‘Absolutely [I agree with Judd],’ he said. ‘I always follow the players, what they’re saying about this sport. Especially Judd, he’s one of the big heroes of this sport.
‘He’s a legend and he’s a nice kid, not a kid, he’s a nice man! He’s a great hero for the young people to see what he’s done to get to the top. Every young snooker player should follow Judd.’
Vafaei is always ready to give his opinion on matters, most famously when he said Ronnie O’Sullivan should retire earlier this year.
He says he may have got carried away with that particular claim, but reiterates his point that he wants to see snooker grow and feels that the Rocket is the man to help it take off.
‘I didn’t say something really bad!’ Vafaei said. ‘But people said, why are you talking about Ronnie like that?!
‘I said that Ronnie is one of the legends of our sport, a genius, without doubt no one can play snooker better than him, you have to call him god of snooker, he’s a winning machine.
‘I always respect him, as long as he respect me. I don’t want to start anything again talking about something and get people asking why I’m talking like that again. I just said my opinion a little bit. He’s a great man, people love him, and I wish him success.
‘All I was trying to say was, do something for us please Ronnie. Snooker is in your hands. Leave something for the youngsters. I didn’t ask anything too much. If you can make the sport bigger, please do, I know it’s not his job to make snooker big, he should focus on his game, but he’s been winning 30 years, who else can do that for us? To make young players come and play snooker.
‘Maybe my English wasn’t great. What I said was right and at the right time because I qualified for the Crucible and I knew newspapers would write it.
‘All I asked was for our sport to be a bit bigger. I think every snooker player should want this, I know it’s not their job, but when you see the future, it’s a bit of change, a bit back again, you don’t want that.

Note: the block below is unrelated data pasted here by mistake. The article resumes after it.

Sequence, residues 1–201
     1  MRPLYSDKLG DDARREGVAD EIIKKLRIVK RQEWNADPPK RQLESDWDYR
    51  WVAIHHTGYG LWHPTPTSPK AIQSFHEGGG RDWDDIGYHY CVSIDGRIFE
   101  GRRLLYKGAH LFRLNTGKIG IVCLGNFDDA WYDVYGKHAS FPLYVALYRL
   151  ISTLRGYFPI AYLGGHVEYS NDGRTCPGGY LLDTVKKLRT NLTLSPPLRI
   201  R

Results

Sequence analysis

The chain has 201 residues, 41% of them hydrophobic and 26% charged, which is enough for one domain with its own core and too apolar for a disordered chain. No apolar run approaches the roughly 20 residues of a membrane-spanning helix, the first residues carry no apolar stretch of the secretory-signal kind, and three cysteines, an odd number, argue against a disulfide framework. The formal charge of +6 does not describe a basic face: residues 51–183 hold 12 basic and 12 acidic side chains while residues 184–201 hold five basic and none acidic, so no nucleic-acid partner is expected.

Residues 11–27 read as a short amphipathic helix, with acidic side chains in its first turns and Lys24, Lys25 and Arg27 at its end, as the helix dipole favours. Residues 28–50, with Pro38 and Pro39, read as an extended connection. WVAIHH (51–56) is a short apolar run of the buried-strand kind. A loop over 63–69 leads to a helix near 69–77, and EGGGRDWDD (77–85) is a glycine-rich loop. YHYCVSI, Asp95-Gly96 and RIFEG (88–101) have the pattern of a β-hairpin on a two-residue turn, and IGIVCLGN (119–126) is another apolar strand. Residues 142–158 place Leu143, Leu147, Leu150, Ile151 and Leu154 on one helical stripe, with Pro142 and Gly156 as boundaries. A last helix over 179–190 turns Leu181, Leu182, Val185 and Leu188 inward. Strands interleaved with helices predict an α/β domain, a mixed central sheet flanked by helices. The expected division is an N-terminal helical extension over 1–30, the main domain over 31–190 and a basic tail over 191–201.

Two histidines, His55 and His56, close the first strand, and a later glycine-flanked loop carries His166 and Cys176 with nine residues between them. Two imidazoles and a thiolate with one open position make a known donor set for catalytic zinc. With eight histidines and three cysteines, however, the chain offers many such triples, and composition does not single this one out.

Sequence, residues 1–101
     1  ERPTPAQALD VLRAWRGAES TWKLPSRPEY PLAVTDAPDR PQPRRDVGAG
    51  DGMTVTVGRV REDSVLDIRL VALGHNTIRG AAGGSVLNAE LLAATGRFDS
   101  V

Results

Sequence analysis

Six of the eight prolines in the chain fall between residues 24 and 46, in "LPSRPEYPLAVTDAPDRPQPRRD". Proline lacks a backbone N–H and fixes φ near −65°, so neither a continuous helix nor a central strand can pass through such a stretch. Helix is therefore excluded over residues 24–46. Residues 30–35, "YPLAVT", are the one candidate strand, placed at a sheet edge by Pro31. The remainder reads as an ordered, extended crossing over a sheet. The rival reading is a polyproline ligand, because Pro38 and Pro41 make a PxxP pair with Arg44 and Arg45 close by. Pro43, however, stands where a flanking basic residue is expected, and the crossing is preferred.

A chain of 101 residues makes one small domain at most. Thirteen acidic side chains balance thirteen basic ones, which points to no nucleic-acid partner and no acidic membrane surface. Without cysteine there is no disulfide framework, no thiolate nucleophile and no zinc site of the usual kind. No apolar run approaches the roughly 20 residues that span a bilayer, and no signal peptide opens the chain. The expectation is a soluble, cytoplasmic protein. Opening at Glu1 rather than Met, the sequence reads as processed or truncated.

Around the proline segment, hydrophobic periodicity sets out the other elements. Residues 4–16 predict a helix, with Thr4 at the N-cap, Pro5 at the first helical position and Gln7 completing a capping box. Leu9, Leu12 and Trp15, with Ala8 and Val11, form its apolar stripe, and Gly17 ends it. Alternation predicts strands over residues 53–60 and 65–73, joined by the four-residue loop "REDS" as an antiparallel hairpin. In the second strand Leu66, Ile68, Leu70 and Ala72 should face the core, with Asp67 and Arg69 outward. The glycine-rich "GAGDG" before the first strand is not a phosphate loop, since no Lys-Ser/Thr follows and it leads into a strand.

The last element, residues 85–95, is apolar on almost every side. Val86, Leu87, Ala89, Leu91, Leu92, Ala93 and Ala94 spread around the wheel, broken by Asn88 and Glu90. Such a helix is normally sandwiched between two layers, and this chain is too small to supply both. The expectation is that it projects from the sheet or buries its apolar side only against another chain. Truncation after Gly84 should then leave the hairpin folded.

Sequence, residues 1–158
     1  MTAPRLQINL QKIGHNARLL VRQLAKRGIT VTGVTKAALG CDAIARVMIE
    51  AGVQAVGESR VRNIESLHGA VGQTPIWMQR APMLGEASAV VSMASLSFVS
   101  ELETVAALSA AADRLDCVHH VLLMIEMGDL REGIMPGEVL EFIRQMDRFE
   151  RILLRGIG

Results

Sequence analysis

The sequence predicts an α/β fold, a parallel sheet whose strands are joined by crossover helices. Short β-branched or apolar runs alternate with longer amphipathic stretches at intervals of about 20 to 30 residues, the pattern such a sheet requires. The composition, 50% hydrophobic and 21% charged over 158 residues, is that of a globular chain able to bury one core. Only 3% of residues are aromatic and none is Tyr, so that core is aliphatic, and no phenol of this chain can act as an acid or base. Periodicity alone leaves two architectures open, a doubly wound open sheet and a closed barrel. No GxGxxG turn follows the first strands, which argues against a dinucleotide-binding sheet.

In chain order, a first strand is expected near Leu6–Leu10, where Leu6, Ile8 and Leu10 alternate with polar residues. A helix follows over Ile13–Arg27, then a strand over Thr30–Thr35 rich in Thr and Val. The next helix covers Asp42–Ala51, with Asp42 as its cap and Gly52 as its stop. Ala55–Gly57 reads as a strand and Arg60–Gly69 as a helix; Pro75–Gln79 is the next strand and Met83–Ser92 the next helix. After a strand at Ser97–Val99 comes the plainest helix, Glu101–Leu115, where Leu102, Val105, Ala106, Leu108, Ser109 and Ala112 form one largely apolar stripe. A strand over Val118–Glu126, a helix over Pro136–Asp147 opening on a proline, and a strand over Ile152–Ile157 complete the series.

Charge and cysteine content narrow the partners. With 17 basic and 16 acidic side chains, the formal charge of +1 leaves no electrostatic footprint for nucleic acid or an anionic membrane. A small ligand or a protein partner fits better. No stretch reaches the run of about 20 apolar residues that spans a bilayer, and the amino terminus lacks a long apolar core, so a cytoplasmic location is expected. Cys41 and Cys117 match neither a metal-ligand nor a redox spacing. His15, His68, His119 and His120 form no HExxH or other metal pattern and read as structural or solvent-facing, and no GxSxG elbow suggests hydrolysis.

‘We’re putting our lives into a game. This is why I said Ronnie O’Sullivan should have a private jet, he should be like Tiger Woods, Roger Federer, look at their lifestyle. This is what I want for him!
‘All I said was, help us Ronnie make this game a bit bigger. But he’s done his best, as long as he plays, people love him and I love watching him, I never get tired of that. When I say something bad, it doesn’t mean I don’t love him
I don’t doubt Hossein’s good intentions but there are manifestly a few he doesn’t know or understand. First of all that Ronnie and other older players HAVE tried to change things in the past and failed.
I remember Ronnie, at the Masters 2010, speaking to the press about how dispirited most players were, with very little to play in, how the atmosphere around the game was grim. He urged the authorities to do something to help the players. This was still when Sir Rodney was at the elm. He was crucified by the authorities, the BBC pundits and the fans for “speaking bad about his sport”. He was only speaking the truth, the situation WAS bad. Now he can’t be bothered and they wonder why?
4 thoughts on “2022 UK Championship Qualifiers – Round 4 – Day 1”
It’s a good draw for Jimmy, and a relief to see that he and Ronnie are on opposite sides…
I hope it is a good draw for Ronnie. I would hate if he missed out on the WGP.
Yes the Xu-Tian match was very good: two re-spotted blacks, two 147 attempts, ten 50+ breaks, and a very tense climax. Xu Si gained vital ranking points in his bid to stay on tour. Obviously, the broadcasters were banking on him losing when Rob Walker promised to “interview every winner”. There were some rather strange interviews actually, but that can happen when a player speaks just after playing, and is not a regular winner and used to the procedure.
The roaming coverage is definitely an idea which could be experimented with more in multi-table events, as there is extra energy and always something happening somewhere.
I didn’t see much of the evening session (I’m still working Shanghai time), but the matches looked to be more one-way, but then all got a bit closer towards the end. Wu Yize is indeed a real talent, but very erratic. He reminds me of a young Thepchaiya, and will have to be careful not to waste his ability.
Today’s matches will probably be different in character – yesterday in general had younger, more attack-minded players, apart from one match of course.
I watched most of Jimmy’s match and he was lucky in a way, because Dominic Dale played awful. Jimmy played fine, made some beautiful pots and unlikely cuts, but his cueball control is not that great, he finishes a few inches short and then he has to resort to safeties, which won’t do against top players, although his safeties were very good. I also hope he won’t draw Ronnie: it would be so sad.
I have little time for Vafaei’s rubbish. He dug a hole for himself with his comments and now that he was given a lot of grief for them, he is trying to climb out of that hole, but it is not that easy or even interesting.